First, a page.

What: Shares of Dean Foods Co (NYSE:DF) were turning sour last month, falling 12% as the dairy producer got dinged with a downgrade from Morgan Stanley and falling milk prices.

DF Chart

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So what: The investment bank lowered its rating on Dean to equal weight on valuation concerns, and also said it saw milk prices moving higher in the second half of the year, which would favor the nation's leading milk producer. Shares fell 4% on June 3, the day Morgan Stanley released its report, and declined further at the end of the month as the overall market dropped and dairy prices fell.

Prior to June, the stock had been on a roll, jumping nearly 15% in May on a strong first-quarter earnings report as the company posted earnings per share of $0.24, ahead of estimates at $0.18, and launched its new DairyPure brand, which it calls "the first and largest fresh, national white milk brand."

Now what: Morgan Stanley's valuation-based call seems to be an accurate one. With little growth ahead of it and a P/E of 18 based on the current year, it seems like the stock price has been stretched until any signs of improving performance emerge.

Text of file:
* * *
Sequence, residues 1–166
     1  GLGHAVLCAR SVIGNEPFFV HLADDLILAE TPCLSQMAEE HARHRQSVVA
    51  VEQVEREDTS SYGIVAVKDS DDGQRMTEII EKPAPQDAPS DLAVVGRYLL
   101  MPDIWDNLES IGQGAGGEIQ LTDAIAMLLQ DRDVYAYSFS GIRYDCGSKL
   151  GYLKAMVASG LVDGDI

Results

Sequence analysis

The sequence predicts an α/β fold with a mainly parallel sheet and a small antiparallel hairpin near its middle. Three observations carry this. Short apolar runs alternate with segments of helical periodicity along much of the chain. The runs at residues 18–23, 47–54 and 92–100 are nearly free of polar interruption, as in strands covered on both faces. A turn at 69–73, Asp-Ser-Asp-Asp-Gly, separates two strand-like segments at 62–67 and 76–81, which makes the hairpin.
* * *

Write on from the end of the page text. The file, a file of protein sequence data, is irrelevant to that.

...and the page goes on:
Milk consumption has been declining on a per-capita basis since the 1970s as the dairy staple has become increasingly unpopular, and milk sales by the dollar are down since the recession. Non-dairy alternatives like soy milk and almond milk have taken some share while American as a whole have simply switched to other beverages like coffee, juice, sports drinks, energy drinks, and water. 

This isn't a new problem for Dean, but it's a persistent one, and it likely means that any profit growth will come out of trimming costs, a rise in volatile milk prices, or perhaps the addition of value-added products such as DairyPure. Analysts are expecting sales growth of just 1.5% next year, and that pace is unlikely to improve beyond that.

For Dean investors, that means the rocky road the stock has been on should continue as the price will fluctuate with the commodity market and its uncertain performance. With little growth potential and a valuation that's even with the broader market, it's hard to see a significant upside here. 

Jeremy Bowman owns shares of Apple. The Motley Fool recommends Apple. The Motley Fool owns shares of Apple. Try any of our Foolish newsletter services free for 30 days. We Fools may not all hold the same opinions, but we all believe that considering a diverse range of insights makes us better investors. The Motley Fool has a disclosure policy.